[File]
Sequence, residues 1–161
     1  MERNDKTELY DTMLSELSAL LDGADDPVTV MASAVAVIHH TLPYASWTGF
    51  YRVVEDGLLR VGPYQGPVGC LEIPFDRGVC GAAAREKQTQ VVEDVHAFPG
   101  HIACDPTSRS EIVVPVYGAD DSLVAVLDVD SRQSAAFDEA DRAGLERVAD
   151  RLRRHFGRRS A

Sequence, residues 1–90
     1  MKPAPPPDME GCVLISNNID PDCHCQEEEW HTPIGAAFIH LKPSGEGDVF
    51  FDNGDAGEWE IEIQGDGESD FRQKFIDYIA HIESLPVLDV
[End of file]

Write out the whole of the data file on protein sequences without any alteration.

Sequence, residues 1–161
     1  MERNDKTELY DTMLSELSAL LDGADDPVTV MASAVAVIHH TLPYASWTGF
    51  YRVVEDGLLR VGPYQGPVGC LEIPFDRGVC GAAAREKQTQ VVEDVHAFPG
   101  HIACDPTSRS EIVVPVYGAD DSLVAVLDVD SRQSAAFDEA DRAGLERVAD
   151  RLRRHFGRRS A

Sequence, residues 1–90
     1  MKPAPPPDME GCVLISNNID PDCHCQEEEW HTPIGAAFIH LKPSGEGDVF
    51  FDNGDAGEWE IEIQGDGESD FRQKFIDYIA HIESLPVLDV